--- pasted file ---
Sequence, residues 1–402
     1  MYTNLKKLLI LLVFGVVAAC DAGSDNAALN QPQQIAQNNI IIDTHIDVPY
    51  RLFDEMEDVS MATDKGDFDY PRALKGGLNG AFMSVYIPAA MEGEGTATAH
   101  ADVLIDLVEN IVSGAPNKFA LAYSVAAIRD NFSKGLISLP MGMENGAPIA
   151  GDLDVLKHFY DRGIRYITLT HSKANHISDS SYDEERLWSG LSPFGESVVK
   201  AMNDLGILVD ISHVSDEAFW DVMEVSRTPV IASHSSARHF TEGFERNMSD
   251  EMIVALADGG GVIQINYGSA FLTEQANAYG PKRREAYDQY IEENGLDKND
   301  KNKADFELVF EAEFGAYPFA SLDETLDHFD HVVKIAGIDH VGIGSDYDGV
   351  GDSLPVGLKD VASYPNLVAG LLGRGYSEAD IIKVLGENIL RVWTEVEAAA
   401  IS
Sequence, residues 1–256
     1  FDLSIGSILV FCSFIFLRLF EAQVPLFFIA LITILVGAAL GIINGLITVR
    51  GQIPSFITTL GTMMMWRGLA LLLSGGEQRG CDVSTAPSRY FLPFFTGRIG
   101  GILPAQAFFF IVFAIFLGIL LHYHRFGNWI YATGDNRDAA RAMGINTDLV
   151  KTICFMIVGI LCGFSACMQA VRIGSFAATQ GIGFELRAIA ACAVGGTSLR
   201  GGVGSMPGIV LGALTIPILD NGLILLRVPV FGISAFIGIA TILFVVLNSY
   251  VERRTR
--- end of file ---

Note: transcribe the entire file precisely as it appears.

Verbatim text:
Sequence, residues 1–402
     1  MYTNLKKLLI LLVFGVVAAC DAGSDNAALN QPQQIAQNNI IIDTHIDVPY
    51  RLFDEMEDVS MATDKGDFDY PRALKGGLNG AFMSVYIPAA MEGEGTATAH
   101  ADVLIDLVEN IVSGAPNKFA LAYSVAAIRD NFSKGLISLP MGMENGAPIA
   151  GDLDVLKHFY DRGIRYITLT HSKANHISDS SYDEERLWSG LSPFGESVVK
   201  AMNDLGILVD ISHVSDEAFW DVMEVSRTPV IASHSSARHF TEGFERNMSD
   251  EMIVALADGG GVIQINYGSA FLTEQANAYG PKRREAYDQY IEENGLDKND
   301  KNKADFELVF EAEFGAYPFA SLDETLDHFD HVVKIAGIDH VGIGSDYDGV
   351  GDSLPVGLKD VASYPNLVAG LLGRGYSEAD IIKVLGENIL RVWTEVEAAA
   401  IS
Sequence, residues 1–256
     1  FDLSIGSILV FCSFIFLRLF EAQVPLFFIA LITILVGAAL GIINGLITVR
    51  GQIPSFITTL GTMMMWRGLA LLLSGGEQRG CDVSTAPSRY FLPFFTGRIG
   101  GILPAQAFFF IVFAIFLGIL LHYHRFGNWI YATGDNRDAA RAMGINTDLV
   151  KTICFMIVGI LCGFSACMQA VRIGSFAATQ GIGFELRAIA ACAVGGTSLR
   201  GGVGSMPGIV LGALTIPILD NGLILLRVPV FGISAFIGIA TILFVVLNSY
   251  VERRTR